The real creation of the scene of Pearl Harbor was so convincing that after the war the occupation authorities missed took some scenes as actual newsreel footage not to mention the fact that it seems surreal you need to check out this film to believe it. It was gigantic in every sense of the word because it didn’t cost over $380,000 to make when the average first-class film at that time was peeking around $40,000. After the war Eiji Tsuburaya did in fact leave the Toho company amid the studios feuding with labor unions although according to some sources he was forced to quit the film business when the general headquarters of the occupation purged everyone who made war movies there was a situation during this time that people were forced to quit their jobs for budgetary reasons. He invested would go on to work with acclaimed directors like Kinugasa, Kon Ichikawa, and Mikio Naruse before establishing his own independent company. This particular company would be called “Tsuburaya Special-Effects Laboratory.”
By 1948 Eiji Tsuburaya would do and produce a special-effects for Daiei studios “Invisible Man Appears” which came out in 1949 this would be Japan’s first modern sci-fi film work was scarce in the movie business and Eiji Tsuburaya dabbled in other endeavors including mass marketing the “Auto-Snap,” this is a camera controlled by a foot pedal enabling a person to take self-portraits. Akira Ifukube the musical composer for Godzilla probably the most famous composer of Godzilla he has earned his right in place in the musical score of these movies. He actually met with Eiji Tsuburaya for the very first time doing these lean years. Akira Ifukube and a friend worked in the film industry were drinking saki at a Tokyo Inn one and down on his luck man happen by and, recognizing Akira Ifukube’s friend stopped in to ball a few drinks and Akira Ifukube never saw the man again until 1954. Akira Ifukube was hard to do the score for the Godzilla fill that man’s name was Eiji Tsuburaya and now almost on recognizably upbeat and successful.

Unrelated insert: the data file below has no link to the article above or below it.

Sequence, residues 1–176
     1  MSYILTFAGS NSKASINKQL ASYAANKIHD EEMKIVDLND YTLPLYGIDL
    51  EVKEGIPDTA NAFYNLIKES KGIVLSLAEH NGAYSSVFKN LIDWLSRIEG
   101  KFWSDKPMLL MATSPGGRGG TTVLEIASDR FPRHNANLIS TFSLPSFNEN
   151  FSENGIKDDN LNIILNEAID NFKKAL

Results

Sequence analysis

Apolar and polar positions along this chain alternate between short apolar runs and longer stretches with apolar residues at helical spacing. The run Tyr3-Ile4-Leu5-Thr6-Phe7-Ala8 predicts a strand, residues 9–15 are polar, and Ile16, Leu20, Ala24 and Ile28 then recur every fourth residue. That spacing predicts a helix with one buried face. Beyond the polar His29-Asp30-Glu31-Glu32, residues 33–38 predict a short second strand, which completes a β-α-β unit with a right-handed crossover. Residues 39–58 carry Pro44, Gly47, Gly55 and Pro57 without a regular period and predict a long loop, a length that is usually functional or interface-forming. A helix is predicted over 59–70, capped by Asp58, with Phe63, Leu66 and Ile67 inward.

Eiji Tsuburaya would return to the Toho Company as a freelancer in the 1950s and was officially a staff member by 1952. When the actual production of the film Godzilla began in 1954 he was already in his 50s but he was about to launch Japan’s second special-effects bill the most productive and creative. Of his life. Eiji Tsuburaya worked very hard to earn the respect for special-effects for this particular film Godzilla 1954 and it was a long time coming as it is his very first screen credit as special-effects director on the movie Gigantis the Fire Monster which came out in 1955. Even during this point in time his work was actually looked down upon and the special-effects director at that time his name was Teisho Arikawa who in fact took over the Toho Companies special-effects director in the late 1960s it was a hard time for Eiji Tsuburaya.